- She's broken. By this point in the interview, her confidence is completely shattered. She knows she's blown it on national TV, and she's just barely keeping it together. So she forgets simple things, which happens to all of us when we're near break point.
- She's totally messing with us. A student of mine has a theory that she's been trying to aggressively lower expectations for the VP debate, so she intentionally blew the Couric interview the way a pool shark throws the first few games.
Tuesday, September 30, 2008
After the shocking vote of 228 to 205, party leaders did their usual rounds of partisan finger-pointing, but it really wasn't a partisan issue at all. The center had collapsed in favor of a coalition of far-right and far-left zealots.That's actually not the way it looks when you break the vote down by members' ideal points:
There's definitely somewhat more opposition out in the extremes than toward the center, but it's not a particularly striking pattern. The more telling indicator of the vote is that retiring members voted overwhelmingly for it and members in competitive districts voted overwhelmingly against it.
Update: Diane Watson opposed the measure, while Maxine Waters supported it, even though they have similar voting records and represent similar, adjacent districts. Those two can't agree on anything.
Later update: Milbank quote added in above.
Monday, September 29, 2008
This is not terribly surprising. If you're facing a tough re-election fight, and a president with a 28% approval rating tells you to eat a shit sandwich, and your constituents know it's a shit sandwich, it's pretty obvious where your loyalties lie.
Sunday, September 28, 2008
I was showing the freshmen in my campaigns class some debate clips the other day, and their reaction to the Bentsen/Quayle "You're no Jack Kennedy" exchange was really quite interesting. You should watch it if you haven't seen it in a while:
Some of my students were pretty stunned at how bad Quayle came off. He looked like a frightened child, barely able to make eye contact with Bentsen while he was being chastised. Others thought that Bensten came off as a cruel old man. (For me, the really cruel part was his line, "You're the one who was making the comparison, Senator....")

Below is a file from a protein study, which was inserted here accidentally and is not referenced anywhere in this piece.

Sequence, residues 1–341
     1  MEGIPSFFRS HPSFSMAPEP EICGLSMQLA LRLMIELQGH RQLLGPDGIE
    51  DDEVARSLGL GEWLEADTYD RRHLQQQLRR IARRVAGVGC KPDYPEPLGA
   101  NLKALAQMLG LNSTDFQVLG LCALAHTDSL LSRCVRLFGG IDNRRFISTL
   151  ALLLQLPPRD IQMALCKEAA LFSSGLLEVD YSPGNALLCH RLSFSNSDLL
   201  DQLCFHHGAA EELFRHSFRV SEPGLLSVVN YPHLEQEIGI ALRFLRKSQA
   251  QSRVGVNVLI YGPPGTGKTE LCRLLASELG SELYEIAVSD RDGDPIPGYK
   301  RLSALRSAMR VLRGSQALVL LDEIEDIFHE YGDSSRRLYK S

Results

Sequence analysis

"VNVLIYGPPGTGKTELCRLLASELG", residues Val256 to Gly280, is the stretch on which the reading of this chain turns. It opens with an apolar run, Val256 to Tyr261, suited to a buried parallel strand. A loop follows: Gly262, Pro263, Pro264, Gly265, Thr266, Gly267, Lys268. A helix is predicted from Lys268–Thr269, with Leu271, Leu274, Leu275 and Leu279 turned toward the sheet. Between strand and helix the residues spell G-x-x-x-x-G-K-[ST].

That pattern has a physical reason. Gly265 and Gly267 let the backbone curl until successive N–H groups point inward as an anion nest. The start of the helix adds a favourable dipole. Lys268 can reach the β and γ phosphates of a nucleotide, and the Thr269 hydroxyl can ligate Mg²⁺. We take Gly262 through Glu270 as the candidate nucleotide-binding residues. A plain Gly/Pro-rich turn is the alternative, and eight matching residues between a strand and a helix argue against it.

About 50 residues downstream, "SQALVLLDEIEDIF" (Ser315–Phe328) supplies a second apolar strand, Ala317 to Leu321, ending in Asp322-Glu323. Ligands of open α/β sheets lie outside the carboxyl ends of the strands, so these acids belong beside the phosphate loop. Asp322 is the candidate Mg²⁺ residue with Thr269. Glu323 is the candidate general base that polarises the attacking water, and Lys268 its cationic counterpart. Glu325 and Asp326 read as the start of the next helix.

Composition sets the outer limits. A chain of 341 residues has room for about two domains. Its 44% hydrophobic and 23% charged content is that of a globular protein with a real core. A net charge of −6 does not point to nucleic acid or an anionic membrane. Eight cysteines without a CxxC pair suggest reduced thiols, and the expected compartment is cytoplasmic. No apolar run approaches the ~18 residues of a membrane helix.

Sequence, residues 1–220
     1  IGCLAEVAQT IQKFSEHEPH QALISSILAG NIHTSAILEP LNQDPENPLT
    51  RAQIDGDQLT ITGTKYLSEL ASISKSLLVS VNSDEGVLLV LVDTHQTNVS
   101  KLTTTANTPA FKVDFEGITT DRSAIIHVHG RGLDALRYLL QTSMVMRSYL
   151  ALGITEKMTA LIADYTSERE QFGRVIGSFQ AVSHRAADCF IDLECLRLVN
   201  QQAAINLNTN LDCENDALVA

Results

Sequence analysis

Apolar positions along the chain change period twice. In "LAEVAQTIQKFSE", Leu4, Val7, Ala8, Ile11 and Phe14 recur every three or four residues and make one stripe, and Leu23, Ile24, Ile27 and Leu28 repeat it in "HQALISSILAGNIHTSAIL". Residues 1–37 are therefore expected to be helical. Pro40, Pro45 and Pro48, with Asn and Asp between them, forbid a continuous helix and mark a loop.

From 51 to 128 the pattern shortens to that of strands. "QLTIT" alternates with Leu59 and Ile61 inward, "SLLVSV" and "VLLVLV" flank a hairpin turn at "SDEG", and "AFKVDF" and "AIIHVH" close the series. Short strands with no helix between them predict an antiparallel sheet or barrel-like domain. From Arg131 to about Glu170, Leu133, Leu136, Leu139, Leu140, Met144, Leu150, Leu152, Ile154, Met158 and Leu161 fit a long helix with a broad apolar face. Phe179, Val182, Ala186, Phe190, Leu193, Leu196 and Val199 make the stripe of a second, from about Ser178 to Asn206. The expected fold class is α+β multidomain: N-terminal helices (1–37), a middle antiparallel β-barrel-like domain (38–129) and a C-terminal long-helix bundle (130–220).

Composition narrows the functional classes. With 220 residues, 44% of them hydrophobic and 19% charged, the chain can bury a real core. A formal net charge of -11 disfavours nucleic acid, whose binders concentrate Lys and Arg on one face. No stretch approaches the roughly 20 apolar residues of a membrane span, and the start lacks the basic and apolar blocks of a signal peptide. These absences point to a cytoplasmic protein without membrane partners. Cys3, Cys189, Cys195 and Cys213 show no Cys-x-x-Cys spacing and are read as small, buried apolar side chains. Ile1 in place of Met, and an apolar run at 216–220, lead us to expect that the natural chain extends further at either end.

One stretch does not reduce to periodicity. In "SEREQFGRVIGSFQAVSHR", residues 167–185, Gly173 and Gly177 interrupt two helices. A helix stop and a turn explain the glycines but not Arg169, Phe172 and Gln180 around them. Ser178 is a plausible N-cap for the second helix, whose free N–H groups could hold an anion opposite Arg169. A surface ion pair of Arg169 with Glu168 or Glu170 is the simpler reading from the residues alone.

My recollection of the event is that Quayle was resoundingly considered the loser in that exchange. There was no real blowback against the Dukakis/Bensten campaign for Bentsen's cruelty that night. It was considered one of the few high points for the Democrats that year. Indeed, the main criticism of that campaign remains that it was not nearly tough enough with Bush.
So, would Biden face a similar situation with Palin? If Bentsen had been so rough with a female opponent, would people have rushed to her defense? It's hard to say. It's a pernicious form of sexism if a woman is held to a lower standard of competence in a political debate. Of course, Biden may well be accused of sexism if he treats her as harshly as he would a man.
I don't have good answers here. Any thoughts on this?
"Sarah Palin's standing over me (I'm naked, she's not) and shouting, podium style, through a pair of great, floating glasses, 'And you know what? I'm going to cut it off. I'm gonna CUT IT OFF.' I hear cheers. Are we onstage? I don't see it, but I feel the presence of TV camera everywhere. She continues, 'And you know why? Because, well why shouldn't I? If you're good, I know God will put it back.' I look down and realize I have the biggest pot plant ever growing up between my legs. I mean, the thing is beautiful. I think something happens next, but I can't remember what. All I know is we are in a field, and Sarah Palin is kneeling over me decked out in hunter gear. She cradles her rifle pragmatically and smiles pathetically as if to say, 'You silly bear,' and ruffles my stomach. The plant is gone, but I am now covered in fur. And blood. And bits of grass. And as much as I want to bite her face off, I can't be angry at her. Or rather, I can't argue it. I've got nothing. And she knows it too. Her triumphalism is effortless."—Joshua Mensch
Saturday, September 27, 2008
McCain's message: "My opponent thinks I'm right. Therefore, he's wrong."
Fallows is right that Obama can henceforth dispense with saying "John is right" about anything for the remainder of the campaign. Praising McCain will only be met with similar slaps.
Friday, September 26, 2008
I can see arguments why such a debate could help either candidate. Independents are leaning Obama but want to know that he has the maturity and thoughtfulness to be president; he showed tonight that he does. On the other hand, McCain had a really crappy week in which he looked pretty unstable; tonight he looked stable.
My guess is that this debate won't affect the state of the race very much. As Tom Holbrook reminds us, most debate effects are pretty negligible, with the exception of 1992 (after the Richmond debate in which Clinton connected with the audience and Bush kept checking his watch) and 2004 (after the first debate when Kerry skewered W on Iraq). There were no such moments tonight.
• Gallup: Obama 48%, McCain 45%, with a ±2% margin of error. Yesterday, the candidates were tied 46%-46%.
• Rasmussen: Obama 50%, McCain 45%, with a ±2% margin of error, compared to an Obama lead yesterday of 49%-46%.
• Hotline/Diageo: Obama 49%, McCain 42%, with a ±3.2% margin of error, compared to a 47%-43% Obama lead yesterday.
• Research 2000: Obama 48%, McCain 43%, with a ±3% margin of error. Yesterday, Obama was up 49%-43%.